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Tuesday 18 June 2019
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Is the union dead?

The failure by the National Union of Namibian Workers (NUNW) to fill the Windhoek Youth complex to capacity during the May Day celebrations has raised eye-brows with curious questions arising concerning its influence and its ability to mobilise the workers.
NUNW, being an affiliate of the ruling Swapo party finds itself in a tight fix considering that it faces the uphill task to drum up the requisite grass roots support ahead of critical elections slated for November this year.
The beggared turn up at the youth complex also saw the head of state, President Hage Geingob snubbing the event altogether and his speech had to be delivered by the Swapo secretary general, Sophia Shaaningwa.
Commenting at the low turnout, NUNW president, Job Muniaro denied that it was an illustration of weakness on their part saying that as a union they could not force people to attend.
“You see, a union is not a building. A union is a human being. And as a person who has his own rights that are protected by the constitution and by labour laws. Also by the virtue of their own registration, one cannot talk about things that will not make sense. What do you mean if you say we are dead if your members are still alive? They never abandoned the union.”
In his bid to demonstrate that they were still a force to reckon with, Muniaro added they needed not to show their authority through acts of force.
“Those days when we were young unionists we were resisting and rejecting colonialism and we were not having a platform to talk with the colonial government as we were using stones in our pockets to throw at them to disturb their peace so that they can talk to us. And those days they were making sure that they would not listen. They were using bullets, they were using Koevoets. In an independent country with an independent situation that we have now our expressions should not go to that point where we were destroying institutions and burning schools down,” he said.
He described NUNW as the best negotiator in the world adding, “That’s why they are scared to come into board rooms because if they come in boardrooms they will find us”.
“If Calle (finance minister) says he is going to deduct that (medical aid) money without our consent, and Calle is a superpower we will take him to another superpower which is the court. That’s the way to go to keep peace and stability in the country.”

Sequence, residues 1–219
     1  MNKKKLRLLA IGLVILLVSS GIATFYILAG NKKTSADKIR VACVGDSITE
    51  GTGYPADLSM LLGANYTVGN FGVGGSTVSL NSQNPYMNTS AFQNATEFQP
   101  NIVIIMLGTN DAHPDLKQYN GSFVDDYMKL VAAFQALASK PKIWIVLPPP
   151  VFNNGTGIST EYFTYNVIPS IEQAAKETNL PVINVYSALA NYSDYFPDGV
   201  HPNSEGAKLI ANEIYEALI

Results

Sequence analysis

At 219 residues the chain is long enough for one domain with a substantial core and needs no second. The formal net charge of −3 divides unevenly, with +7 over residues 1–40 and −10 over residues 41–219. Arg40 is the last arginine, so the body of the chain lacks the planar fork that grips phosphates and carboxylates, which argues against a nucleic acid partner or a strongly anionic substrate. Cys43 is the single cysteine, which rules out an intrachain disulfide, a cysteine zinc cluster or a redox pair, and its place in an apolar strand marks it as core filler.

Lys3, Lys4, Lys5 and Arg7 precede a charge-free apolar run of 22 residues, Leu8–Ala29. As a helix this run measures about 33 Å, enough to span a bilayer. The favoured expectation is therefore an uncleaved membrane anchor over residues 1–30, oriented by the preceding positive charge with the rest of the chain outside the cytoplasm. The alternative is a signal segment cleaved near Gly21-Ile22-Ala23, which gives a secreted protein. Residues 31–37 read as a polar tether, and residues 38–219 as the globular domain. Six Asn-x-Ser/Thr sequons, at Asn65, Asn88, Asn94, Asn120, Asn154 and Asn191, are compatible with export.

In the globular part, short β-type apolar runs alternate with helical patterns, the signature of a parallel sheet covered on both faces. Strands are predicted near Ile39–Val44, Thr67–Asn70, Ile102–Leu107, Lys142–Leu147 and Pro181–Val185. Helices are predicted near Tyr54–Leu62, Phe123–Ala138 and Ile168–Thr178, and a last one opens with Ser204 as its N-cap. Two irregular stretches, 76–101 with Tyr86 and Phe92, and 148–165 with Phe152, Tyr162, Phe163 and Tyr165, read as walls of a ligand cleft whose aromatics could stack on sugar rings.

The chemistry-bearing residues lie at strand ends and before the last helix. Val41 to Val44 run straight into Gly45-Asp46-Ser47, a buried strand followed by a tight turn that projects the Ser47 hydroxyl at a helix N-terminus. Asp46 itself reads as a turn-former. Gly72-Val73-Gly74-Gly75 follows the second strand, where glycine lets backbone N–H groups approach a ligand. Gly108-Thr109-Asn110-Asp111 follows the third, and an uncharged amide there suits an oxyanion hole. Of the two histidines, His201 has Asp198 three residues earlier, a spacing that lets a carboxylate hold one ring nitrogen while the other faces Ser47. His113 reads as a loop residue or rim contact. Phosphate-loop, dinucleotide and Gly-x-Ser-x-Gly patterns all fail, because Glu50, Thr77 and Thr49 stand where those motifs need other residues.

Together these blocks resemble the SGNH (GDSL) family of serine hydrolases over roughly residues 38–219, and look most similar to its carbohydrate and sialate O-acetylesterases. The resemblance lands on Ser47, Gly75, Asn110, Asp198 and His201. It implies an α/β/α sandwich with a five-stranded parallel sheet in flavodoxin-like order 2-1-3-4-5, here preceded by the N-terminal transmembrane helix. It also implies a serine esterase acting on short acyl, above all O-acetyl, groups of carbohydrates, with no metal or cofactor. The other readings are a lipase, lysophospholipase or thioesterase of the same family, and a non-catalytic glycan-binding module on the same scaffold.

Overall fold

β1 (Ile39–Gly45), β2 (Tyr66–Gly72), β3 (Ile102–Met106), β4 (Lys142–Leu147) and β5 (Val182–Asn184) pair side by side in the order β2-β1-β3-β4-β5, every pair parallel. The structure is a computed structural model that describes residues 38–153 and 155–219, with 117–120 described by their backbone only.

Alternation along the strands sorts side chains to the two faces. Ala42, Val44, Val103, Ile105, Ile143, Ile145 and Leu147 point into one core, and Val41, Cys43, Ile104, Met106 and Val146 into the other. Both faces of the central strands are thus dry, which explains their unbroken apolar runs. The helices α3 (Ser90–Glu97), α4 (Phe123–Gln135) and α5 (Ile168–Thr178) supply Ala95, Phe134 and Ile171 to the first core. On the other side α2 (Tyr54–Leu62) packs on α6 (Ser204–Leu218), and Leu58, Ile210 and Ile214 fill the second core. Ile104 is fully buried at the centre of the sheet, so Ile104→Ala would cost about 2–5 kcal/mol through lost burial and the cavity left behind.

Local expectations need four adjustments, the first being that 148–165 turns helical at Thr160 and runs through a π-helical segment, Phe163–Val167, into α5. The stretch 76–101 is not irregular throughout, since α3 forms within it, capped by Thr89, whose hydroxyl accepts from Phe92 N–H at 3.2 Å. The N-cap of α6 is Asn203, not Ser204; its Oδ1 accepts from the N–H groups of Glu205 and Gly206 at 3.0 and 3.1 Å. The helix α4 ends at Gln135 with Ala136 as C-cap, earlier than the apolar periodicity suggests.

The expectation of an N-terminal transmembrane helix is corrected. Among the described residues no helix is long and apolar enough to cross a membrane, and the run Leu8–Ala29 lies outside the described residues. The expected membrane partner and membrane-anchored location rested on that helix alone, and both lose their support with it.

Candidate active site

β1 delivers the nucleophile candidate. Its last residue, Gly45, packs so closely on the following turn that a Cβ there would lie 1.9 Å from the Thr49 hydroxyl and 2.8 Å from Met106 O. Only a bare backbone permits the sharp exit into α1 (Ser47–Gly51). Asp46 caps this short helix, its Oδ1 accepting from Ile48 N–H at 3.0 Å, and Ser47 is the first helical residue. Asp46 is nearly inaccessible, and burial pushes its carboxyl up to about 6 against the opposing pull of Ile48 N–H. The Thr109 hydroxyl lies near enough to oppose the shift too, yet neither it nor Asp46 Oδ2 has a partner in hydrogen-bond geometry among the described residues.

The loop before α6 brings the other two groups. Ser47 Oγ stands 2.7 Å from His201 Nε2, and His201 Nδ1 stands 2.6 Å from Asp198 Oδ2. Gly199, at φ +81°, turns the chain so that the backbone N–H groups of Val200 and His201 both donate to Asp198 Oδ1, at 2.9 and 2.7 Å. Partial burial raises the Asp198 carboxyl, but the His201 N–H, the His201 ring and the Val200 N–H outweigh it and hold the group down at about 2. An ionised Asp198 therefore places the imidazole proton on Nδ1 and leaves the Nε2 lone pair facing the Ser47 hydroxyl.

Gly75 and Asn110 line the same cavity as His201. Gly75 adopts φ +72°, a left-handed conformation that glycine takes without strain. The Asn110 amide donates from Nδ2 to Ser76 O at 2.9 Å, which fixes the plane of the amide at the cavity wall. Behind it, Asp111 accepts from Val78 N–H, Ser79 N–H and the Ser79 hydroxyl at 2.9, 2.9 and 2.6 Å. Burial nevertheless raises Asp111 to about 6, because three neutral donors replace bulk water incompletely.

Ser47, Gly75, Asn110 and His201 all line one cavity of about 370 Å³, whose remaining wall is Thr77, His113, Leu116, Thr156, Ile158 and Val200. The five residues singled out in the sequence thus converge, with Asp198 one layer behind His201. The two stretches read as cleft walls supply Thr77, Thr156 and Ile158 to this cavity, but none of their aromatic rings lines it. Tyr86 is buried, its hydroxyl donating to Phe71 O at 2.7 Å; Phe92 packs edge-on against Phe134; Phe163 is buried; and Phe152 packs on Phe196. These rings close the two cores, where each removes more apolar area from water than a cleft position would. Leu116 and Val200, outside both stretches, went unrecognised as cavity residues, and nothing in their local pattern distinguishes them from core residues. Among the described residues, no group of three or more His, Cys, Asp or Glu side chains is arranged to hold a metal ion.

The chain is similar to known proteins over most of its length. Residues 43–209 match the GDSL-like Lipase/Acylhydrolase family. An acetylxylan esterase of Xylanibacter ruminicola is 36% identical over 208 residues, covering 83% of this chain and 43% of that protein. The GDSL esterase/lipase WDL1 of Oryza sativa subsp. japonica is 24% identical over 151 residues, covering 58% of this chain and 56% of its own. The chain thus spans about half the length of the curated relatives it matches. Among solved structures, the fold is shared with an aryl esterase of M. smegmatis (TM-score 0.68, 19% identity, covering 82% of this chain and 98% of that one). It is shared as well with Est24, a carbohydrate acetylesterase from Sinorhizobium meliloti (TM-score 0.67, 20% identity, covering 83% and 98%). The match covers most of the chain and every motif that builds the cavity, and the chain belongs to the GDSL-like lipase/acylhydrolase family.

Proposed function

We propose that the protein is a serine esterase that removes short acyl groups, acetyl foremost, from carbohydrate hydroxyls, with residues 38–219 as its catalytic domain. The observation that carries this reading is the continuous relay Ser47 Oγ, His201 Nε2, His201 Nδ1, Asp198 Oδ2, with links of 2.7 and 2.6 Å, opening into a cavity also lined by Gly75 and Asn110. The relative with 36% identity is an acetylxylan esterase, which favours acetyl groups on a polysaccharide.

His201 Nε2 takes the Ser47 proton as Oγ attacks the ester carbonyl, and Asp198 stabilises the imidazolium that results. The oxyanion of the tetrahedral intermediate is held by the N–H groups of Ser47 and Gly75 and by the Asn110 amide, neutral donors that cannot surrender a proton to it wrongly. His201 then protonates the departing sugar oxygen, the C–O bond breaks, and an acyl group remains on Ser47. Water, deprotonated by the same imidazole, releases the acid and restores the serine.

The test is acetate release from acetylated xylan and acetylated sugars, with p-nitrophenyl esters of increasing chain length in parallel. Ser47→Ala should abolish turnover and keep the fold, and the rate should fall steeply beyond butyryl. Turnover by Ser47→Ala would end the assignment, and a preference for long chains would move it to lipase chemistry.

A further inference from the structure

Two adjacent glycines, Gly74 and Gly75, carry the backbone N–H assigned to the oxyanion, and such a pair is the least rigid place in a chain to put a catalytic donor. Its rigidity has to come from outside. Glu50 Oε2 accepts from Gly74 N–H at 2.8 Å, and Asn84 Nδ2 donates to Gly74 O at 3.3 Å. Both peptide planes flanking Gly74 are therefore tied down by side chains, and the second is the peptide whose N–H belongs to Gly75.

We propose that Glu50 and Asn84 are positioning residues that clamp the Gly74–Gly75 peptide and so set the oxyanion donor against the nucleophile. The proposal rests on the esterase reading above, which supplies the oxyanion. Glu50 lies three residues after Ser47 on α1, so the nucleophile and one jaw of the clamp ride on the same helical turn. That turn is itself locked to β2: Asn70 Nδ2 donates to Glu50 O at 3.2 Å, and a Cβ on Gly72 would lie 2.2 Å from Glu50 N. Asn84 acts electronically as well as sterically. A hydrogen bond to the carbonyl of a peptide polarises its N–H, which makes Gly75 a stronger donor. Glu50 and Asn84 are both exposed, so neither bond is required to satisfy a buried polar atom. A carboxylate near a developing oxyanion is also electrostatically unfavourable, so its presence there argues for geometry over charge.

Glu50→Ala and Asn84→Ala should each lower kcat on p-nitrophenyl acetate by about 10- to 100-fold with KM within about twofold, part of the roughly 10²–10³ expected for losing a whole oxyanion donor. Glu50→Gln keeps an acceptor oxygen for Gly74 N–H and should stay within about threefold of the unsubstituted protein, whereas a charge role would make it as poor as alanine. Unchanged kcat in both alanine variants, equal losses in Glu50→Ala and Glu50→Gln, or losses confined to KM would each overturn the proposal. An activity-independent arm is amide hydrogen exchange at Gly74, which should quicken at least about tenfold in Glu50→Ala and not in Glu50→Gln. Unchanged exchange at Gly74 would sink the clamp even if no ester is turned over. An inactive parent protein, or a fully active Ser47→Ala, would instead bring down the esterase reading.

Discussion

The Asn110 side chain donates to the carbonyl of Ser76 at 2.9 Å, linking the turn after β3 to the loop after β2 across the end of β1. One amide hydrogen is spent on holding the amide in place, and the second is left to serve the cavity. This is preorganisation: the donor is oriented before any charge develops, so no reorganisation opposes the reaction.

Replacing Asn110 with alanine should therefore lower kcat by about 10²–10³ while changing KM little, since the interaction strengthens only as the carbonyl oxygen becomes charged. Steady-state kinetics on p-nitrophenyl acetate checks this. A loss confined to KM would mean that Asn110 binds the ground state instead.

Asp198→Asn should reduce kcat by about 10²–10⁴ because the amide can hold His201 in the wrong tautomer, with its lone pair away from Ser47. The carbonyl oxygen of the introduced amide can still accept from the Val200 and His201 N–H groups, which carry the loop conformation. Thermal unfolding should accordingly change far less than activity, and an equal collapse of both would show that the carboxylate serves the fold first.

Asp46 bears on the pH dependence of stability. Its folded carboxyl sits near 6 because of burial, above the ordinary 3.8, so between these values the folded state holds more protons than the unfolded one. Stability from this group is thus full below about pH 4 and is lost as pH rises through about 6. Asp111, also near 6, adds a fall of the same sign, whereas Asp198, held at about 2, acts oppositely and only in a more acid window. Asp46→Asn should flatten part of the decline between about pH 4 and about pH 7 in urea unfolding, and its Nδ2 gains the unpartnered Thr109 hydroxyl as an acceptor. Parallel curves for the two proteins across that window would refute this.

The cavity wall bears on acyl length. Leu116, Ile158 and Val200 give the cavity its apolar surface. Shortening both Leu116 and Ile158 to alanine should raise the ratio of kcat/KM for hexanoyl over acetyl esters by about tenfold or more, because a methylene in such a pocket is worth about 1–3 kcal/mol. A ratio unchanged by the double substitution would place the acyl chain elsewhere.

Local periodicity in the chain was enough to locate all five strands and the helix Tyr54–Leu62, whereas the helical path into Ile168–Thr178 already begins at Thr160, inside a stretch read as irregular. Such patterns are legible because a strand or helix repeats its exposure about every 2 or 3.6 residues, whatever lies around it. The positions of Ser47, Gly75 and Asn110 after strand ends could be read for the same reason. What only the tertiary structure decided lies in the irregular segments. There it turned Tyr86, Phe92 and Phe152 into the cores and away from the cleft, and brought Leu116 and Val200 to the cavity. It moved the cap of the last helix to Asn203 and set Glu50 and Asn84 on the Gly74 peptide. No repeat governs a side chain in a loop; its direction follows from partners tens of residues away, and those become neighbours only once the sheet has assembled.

Muniaro added that he was not happy with the pace at which the finalization of the Namibia Equitable Economic Empowerment Framework (NEEEF) was moving.
The framework has long been considered as Namibia’s panacea to economic inequalities via empowering previously disadvantaged Namibians. A clause which hogged controversy proposed that ceding of 25% shares to previously disadvantaged locals and was considered as targeting white companies although government denied this at every turn. Geingob finally buckled under pressure and scrapped it off, as the entire framework in its initial form was seen as a catalyst to negative rating by rating agencies.
A long silence masked NEEEF as it was reportedly shelved until Geingob publicly mentioned it for the first time this year in his State of the Nation Address.
Muniaro’s criticism of the slow pace on NEEEF was a response the President’s message to workers in which he promised that he would expedite the process and have it treated as a matter of urgency.
“When you speak of economic emancipation, it should not be a call by the President (alone). When speaking of the economy, we are not speaking about the government. We speak about the people, the knowledge, qualifications and skills. So when you want to tackle the economy you cannot leave the experienced people who have never gone to school.” “You can also not leave retired skilled people as advisors. You cannot leave the private sector. But now, economic emancipation as a matter of urgency should be only when you bring all our brains together to address that problem,” he said.
In the meantime, the President has differed with some unions which have regarded foreign direct investment as a curse to local business.
“I wish to state that given our developmental aspirations, large inflows of foreign investments are a prerequisite for a sustainable high trajectory of economic growth. For the Namibian economy to sustain high economic growth, we need Foreign Direct Investment (FDI) to stimulate such growth,” he said. He called on foreign companies to respect the dignity of locals adding that some were coming to Namibia on their own terms.
Namibia’s desire for such investments should thus not be seen as desperation, the President said.




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